Your school brought technology into the classroom, now you should see amazing results and improvements in learning, right? Not necessarily. Many schools have experienced the on-boarding of technology into their classrooms with minimal student results to show for it.
Authors Michael B. Horn and Heather Staker explain in their book, Blended: Using Disruptive Innovation to Improve Schools, a process to make blended learning work in your school.
Step 1: Identify a goal/problem – Identify a school-wide goal, or problem that needs to be solved.
Step 2: Organize a team – Involve a support team to help teachers design their blended learning structure in the classroom.
Step 3: Design the student experience – View education from the students’ perspective, to see what they want to learn, which experiences motivate them to learn, and how schools can pull together the resources to enforce this.
Step 4: Design the teacher experience – Provide teachers with more opportunities to grow in their field by offering them recognition, providing team teaching, and giving them more authority.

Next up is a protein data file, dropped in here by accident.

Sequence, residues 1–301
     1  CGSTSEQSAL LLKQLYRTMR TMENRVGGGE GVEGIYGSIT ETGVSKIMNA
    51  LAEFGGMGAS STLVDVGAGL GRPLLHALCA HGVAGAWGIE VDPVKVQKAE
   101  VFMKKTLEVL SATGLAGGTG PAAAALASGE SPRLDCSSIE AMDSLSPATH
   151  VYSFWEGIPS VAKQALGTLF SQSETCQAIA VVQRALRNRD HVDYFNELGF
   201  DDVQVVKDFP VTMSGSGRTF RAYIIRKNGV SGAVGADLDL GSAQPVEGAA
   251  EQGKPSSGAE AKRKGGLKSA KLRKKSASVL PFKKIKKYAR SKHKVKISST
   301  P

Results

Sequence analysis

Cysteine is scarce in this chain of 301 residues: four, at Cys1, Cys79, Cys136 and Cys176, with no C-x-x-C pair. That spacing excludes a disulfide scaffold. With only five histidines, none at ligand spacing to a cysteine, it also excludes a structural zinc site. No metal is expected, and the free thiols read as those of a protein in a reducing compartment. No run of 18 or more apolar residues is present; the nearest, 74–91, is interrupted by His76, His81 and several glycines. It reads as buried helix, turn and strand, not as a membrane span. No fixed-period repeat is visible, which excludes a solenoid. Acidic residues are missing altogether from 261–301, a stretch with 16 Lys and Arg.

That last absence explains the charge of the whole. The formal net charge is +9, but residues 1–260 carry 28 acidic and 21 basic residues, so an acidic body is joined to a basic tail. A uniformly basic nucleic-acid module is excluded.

Step 5: Align technology – Offer technology and devices that cater to both the student and teacher experiences.
Step 6 – Adjust the physical environment – Should the classroom setting be more traditional or more tailored for blended learning? Adjust accordingly.
Step 7 – Execute – School leaders should monitor the blended learning experience in their schools, and make adjustments and changes to improve the experience.
Both Horn and Staker believe in using a well thought out design process to implement blended learning in schools, in the most effective way so that students are absorbing knowledge and teachers are adjusting their teaching styles accordingly. They believe that this design process will help schools transition from the traditional model to one that is more student-centered. At ScootPad, we have carefully designed our learning platform to be highly personalized and adaptive for each student and teacher. ScootPad is here to make the blended learning transition easy for both students and teachers, by offering many features including the common core curriculum, adaptive learning paths, assignments and homework, instruction, formative assessments, proactive intervention, eBooks, behavior tracking, insights and reports, games, and this is all accessible 24/7, on any device, anywhere!
Visit The Journal for more information: http://thejournal.com/Articles/2015/01/28/Designing-a-Blended-Learning-Program.aspx?Page=2